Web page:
I hear it all the time: "I don't have time to spend hours in the gym to get ready for a hike."
If that sounds like you, try these 7 ways to train for hiking without working out:
Increase your daily step count - There are simple ways to do this, like parking further away from the door or taking a walk during your lunch break. Got a conference call? Put those earbuds in and walk a lap around your office building or pace the halls. Increasing steps in small ways throughout the day will result in big changes in your overall fitness. If you're working at home, take a break to walk around the block several times per day. Aim to take 10,000 steps each day!
Stand while you're working - If you want to hike for several hours, you need to be used to spending that much time on your feet. Using a standing desk helps meet your goal. Standing on a thin piece of foam requires you to shift your weight, use core stability, and work on the balance reactions that help you on the uneven trail.
Take the stairs - You know that basket at the bottom of your basement stairs of things to carry up? Try carrying the items one at a time. It will take you an extra three to five minutes, but you can climb 10 to 20 flights of stairs in that short amount of time . Wherever and whenever you have access to stairs, you should use them! If you have them at work, start and end your day climbing the stairs. When you need to use the restroom, go to the next floor to use theirs. You'll build leg strength and improve your fitness.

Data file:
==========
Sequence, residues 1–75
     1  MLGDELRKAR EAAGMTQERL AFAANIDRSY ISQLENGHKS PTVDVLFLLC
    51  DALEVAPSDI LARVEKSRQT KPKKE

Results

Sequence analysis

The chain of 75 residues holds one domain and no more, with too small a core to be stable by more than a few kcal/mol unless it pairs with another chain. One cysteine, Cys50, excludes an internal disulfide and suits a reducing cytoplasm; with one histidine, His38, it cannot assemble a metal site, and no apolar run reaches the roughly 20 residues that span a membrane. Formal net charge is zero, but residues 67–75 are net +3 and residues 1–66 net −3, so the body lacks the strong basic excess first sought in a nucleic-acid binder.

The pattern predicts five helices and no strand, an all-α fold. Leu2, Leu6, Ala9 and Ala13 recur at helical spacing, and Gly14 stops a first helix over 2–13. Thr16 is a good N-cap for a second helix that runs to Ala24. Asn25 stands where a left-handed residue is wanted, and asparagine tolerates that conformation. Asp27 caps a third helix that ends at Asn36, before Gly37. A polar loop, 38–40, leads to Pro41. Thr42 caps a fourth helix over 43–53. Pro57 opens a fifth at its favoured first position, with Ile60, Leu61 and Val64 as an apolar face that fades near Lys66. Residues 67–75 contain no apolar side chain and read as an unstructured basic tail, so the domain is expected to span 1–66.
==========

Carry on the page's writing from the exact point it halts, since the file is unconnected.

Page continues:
Carry heavy stuff - The farmer's carry and the suitcase carry are two underutilized upper body exercises that you can easily incorporate into everyday life. If going for an evening walk, fill a tote bag with books or rocks and carry it around the block using the handle in your hand (not over the shoulder). Switch off hands every 20 feet or take one in each hand for a farmer's carry.
Use a clothesline - It may sound strange, but wet clothes are heavy. Hanging them to dry helps maintain the integrity of some fabrics, but more importantly, it builds upper body and core strength. Squat to pick up the clothes out of the basket, and you're strengthening the lower body too!
Pull some weeds - Spend five minutes each day squatting to pull weeds. Squatting then standing instead of bending over builds glute strength and stability.
Have some fun - Throw a frisbee, kick a soccer ball, or ride a bike. All of these activities will get you moving and improve your overall fitness and endurance. You'll be having so much fun you won't think of it as exercise.
Training for hiking doesn't have to take hours. You can train effectively in about 30 minutes a day. If you're short on time but want to become a better, healthier hiker, let's talk! Message me to schedule a consult and I'll show you how my 3-step process can help you make the most of your training time.